Once there’s an understanding of the end point, the producer will use studio choices, tracking spaces, microphone/preamp/compressor selection, instruments, down to decision about the liveliness of a snare drum or when to drop the bass, to confidently push an artist towards the record they want to make. A producer’s experience of seeing projects through will mean they can think on their feet and make bold statements with less gear. One of the keys is to stay focused on the goal and not be distracted by possibilities that don’t work towards the required aesthetic.



We put together a little roundtable with some of the country’s best producers in their field to get some insight into the way different producers approach their role.



Mitch is one of the country’s top Blues & Roots producers, with a couple of Aria Awards under his belt.

What is your greatest strength as a producer?

I’d like to think my ears. Having been a musician first I’m fairly good at communicating with artists and musicians. I’m usually pretty good at disarming (except in extreme cases) difficult personalities and deciphering odd requests, like ‘Can you make it sound more lime?’

What percentage of what you do in a studio is psychological?

It depends on the project. Sometimes it cruises along nicely and is only about 90% psychological!

What’s the first thing you do when an artist approaches you about making a record?

Sit down and chat, get to know them and what they want from the project. I’ll try and get an idea of what their expectations are of me and the project.

Do you ask for songwriting demos before you start?

Ideally I like artists to sit with me and sing the songs in the barest form. It’s a good way to cut through everything and just get down to You, Them and The Songs. ‘Demo-itis’ can be one of the biggest minefields on a project!

What percentage of work on an album (including admin, emails, listening, research) is done away from the studio?

I’m not really sure on the average but a lot of work is done referencing mixes, taking calls and emails away from the studio. I still do quite a lot of admin from my studio and I haven’t had a mobile setup for a longtime, so I don’t really take my work home.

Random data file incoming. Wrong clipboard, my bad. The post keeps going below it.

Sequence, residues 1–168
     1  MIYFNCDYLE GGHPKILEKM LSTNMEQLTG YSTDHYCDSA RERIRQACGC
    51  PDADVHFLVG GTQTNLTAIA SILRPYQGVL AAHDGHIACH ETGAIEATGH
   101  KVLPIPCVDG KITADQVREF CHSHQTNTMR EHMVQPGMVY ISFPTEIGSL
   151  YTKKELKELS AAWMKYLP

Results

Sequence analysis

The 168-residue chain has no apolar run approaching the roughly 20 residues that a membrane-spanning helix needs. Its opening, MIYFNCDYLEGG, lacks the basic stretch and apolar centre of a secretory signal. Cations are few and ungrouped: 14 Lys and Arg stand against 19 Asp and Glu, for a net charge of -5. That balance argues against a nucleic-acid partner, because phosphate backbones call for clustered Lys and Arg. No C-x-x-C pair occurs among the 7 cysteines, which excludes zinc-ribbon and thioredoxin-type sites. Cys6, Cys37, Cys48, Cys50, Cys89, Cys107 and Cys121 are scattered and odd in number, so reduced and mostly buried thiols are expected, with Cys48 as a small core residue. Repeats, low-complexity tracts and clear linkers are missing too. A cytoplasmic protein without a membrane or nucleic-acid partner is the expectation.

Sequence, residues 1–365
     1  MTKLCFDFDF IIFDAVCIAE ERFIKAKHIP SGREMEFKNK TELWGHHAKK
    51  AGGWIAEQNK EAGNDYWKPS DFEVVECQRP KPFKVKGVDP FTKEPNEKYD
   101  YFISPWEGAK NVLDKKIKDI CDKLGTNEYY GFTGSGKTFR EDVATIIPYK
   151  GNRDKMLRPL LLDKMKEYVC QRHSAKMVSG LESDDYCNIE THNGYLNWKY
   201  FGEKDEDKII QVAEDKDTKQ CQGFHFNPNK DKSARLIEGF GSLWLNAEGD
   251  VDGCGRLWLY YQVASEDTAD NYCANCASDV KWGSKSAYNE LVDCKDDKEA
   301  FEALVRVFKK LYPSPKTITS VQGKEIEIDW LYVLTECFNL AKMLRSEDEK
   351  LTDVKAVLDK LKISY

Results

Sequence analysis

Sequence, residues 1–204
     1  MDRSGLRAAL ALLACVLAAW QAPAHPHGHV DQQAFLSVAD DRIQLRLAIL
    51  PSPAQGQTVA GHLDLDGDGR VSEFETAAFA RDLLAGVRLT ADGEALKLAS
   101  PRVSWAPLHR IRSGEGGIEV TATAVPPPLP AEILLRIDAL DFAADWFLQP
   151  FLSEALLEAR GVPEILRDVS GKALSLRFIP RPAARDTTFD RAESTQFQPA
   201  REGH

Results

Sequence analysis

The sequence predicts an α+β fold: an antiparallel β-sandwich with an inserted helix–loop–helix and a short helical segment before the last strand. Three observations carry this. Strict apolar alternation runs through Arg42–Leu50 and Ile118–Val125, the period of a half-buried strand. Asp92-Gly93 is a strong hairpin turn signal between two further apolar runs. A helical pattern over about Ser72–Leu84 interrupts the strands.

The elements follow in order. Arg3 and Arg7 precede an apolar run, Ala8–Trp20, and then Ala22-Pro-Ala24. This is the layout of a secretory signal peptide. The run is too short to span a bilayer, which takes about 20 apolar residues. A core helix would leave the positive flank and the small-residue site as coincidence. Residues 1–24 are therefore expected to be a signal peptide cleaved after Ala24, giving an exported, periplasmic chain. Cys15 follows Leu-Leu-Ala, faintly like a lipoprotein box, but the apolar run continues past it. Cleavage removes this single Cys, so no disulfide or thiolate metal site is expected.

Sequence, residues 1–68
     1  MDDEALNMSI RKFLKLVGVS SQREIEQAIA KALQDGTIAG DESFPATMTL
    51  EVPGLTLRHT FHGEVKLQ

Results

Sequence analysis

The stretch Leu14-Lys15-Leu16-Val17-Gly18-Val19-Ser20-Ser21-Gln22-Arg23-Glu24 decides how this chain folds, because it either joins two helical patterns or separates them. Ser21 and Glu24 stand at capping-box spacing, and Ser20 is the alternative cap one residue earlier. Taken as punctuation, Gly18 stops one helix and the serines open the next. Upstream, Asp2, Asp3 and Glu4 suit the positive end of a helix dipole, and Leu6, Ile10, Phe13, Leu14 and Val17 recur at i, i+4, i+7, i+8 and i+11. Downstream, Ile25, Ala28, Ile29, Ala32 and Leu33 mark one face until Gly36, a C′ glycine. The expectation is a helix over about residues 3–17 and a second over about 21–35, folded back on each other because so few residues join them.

5. A record producer will have people he/she trusts.

Over time, producers ‘collect’ people. Having a team of people to call on empowers a producer to fulfil the countless parts of making a record. This doesn’t have to be fancier than being able to reach a musician by phone who performed well on a previous session. A good producer will have a number of players, programmers, singers, technicians and craftsmen at a variety of pay scales that can be called on to get the job done. It’s not just studio people. I’m also asked about graphic design, video, marketing, radio pluggers, legal advice, songwriters, photographers, repair people, computer experts and so on. When you’re a novice making a record at home, sticking points can undermine your confidence and cause a roadblock that may halt the project indefinitely. Even at the earliest stages, I encourage artists and producers to start building their team. At a time when you need them most, having someone to lean on that you trust can make the difference between delivering a record or not.




Chris owns Linear Recordings and is responsible for producing multiple worldwide hit albums for Passenger among others.

What is your greatest strength as a producer?

I don’t really believe in producers controlling too much. I think producing records should be fairly collaborative and if there’s something I know from experience isn’t going to work, I at least try and let them feel like we explored the idea and realised collectively that it doesn’t work. Sometimes it does. As I engineer most sessions I produce, I like making the technical part of the recording feel seamless and fast; I never want people waiting around. Gear and engineering is vitally important but I don’t want the artist to think that it’s the focus.

What percentage of what you do in a studio is psychological?

About 90%. I used to think the psyholgical side  was minimal but realised that how a record ends up sounding (particularly from a vocal perspective) hinges on how confident they are feeling. Also, when we’re working on something, I want them to know it’s the only thing I’m thinking about. There is nothing worse than being in the middle of three projects at once and constantly being interrupted with things not relevant to the session.

What’s the first thing you do when an artist approaches you about making a record?

Have a chat about what they want, what they’re into and their vision for the record.

Do you ask for songwriting demos before you start?

Definitely, I don’t like going into the studio without the songs reasonably formed. Also I need to know that I can contribute to what they’re doing. If I feel I can’t, or I’m not into it, then I don’t do the project.

What percentage of work on an album (including admin, emails, listening, research) is done away from the studio?

Probably about 10%.


6. A record producer understands songs.

We can get so caught up ruminating over budgets, studios, and personnel when we conceptualise a new project, that sometimes we forget the most fundamental building block of record production — are the songs any good? This is an especially tricky one for artists making records at home. They’re often so caught up in the process of capturing the song, they don’t have the objectivity to hear whether the song is actually worth capturing. Back in the old days the producer was responsible for choosing the songs, or at least filtering the good ones from the bad ones!

When I ask to hear demos, I may get sent 15 songs that are in contention for an album project. Listening through, you start to categorise songs into good finished songs, songs that need work, and then songs best left behind. This can be a confronting moment in the process that requires steady nerves. If an artist doesn’t like the response they get, they could question their choice of producer and possibly walk away from the project.